Asset/liability

Nature of estimates

Goodwill

 

Carrying value

at 31 December 2013

$495.2m (2012 - $495.0m)

-    The Group comprises a number of cash generating units ("CGUs") with each one having independent business profiles and cash flows. When goodwill is initially recognised upon a business combination, it is allocated to the CGUs that are expected to benefit from the combination.

-    The goodwill of each CGU is subsequently reviewed for impairment at least annually by comparing its carrying value with the present value of the estimated future gross cash flows that are expected to be generated by the CGU.

-    The estimated future gross cash flows are based on the Directors' view of their future trading prospects and are discounted at a rate that is determined for each CGU in isolation by consideration of their business risk profiles.

-    Any shortfall in the present value of the cash flows is charged to the income statement immediately.

Property, plant and equipment and other intangible assets

 

Combined carrying value at 31 December 2013

$694.8m (2012-$704.9m)

-    The Group's property, plant and equipment and intangible assets (except goodwill) are depreciated at rates that are intended to spread the irrecoverable cost of the assets over their useful lives. The Directors must therefore estimate the useful lives of the assets, their residual values and the pattern of consumption of their carrying values. Each asset is also regularly reviewed to ensure it remains consistent with the Directors' assumptions and, when required, adjustments are made prospectively.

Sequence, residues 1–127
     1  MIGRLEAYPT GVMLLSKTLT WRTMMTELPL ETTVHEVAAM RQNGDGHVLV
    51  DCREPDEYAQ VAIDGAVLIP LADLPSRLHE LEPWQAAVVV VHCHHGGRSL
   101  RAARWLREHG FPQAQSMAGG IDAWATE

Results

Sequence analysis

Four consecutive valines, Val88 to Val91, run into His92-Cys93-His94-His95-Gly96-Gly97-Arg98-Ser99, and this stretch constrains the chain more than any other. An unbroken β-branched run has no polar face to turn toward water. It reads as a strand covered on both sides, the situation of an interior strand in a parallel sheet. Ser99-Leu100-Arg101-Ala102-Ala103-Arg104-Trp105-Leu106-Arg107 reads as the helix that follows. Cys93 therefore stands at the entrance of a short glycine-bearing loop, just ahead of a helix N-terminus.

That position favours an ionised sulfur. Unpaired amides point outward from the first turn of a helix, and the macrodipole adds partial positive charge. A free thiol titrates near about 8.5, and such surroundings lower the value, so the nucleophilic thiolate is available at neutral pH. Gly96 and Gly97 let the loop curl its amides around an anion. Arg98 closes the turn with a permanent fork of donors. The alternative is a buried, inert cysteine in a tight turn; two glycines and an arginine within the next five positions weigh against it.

-    The depreciation rates currently in use are disclosed in the 2013 Annual Report and Accounts. Further details of the Group's property, plant and equipment and the other intangible assets are disclosed in notes 10 and 11 respectively.

Provisions

 

Carrying value

at 31 December 2013

$33.4m (2012-$48.0m)

-    The measurement of provisions is predominantly based on the Directors' estimate of the present value of the Group's onerous net cash outflows that are expected to be paid after the balance sheet date but to which the Group is committed at the balance sheet date.

-    The provisions at 31 December 2013 are principally in respect of onerous property leases for which the Directors have estimated the period of time each property is expected to remain onerous, the cash flows expected to arise during that period and the risk-free discount rate required to measure the present value of the cash flows.

-    Details of the Group's provisions are disclosed in note 14.

Taxation

 

Carrying value of net tax liability at

31 December 2013 $48.7m (2012 - $40.1m)